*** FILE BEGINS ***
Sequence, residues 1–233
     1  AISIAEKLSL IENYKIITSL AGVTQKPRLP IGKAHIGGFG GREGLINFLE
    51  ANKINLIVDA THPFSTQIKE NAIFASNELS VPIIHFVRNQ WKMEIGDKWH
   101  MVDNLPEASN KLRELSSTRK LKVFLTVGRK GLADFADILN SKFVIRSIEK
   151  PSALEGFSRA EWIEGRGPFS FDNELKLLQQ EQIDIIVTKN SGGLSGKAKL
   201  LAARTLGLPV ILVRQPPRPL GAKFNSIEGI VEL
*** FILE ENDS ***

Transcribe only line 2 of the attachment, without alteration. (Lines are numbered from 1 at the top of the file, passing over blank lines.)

     1  AISIAEKLSL IENYKIITSL AGVTQKPRLP IGKAHIGGFG GREGLINFLE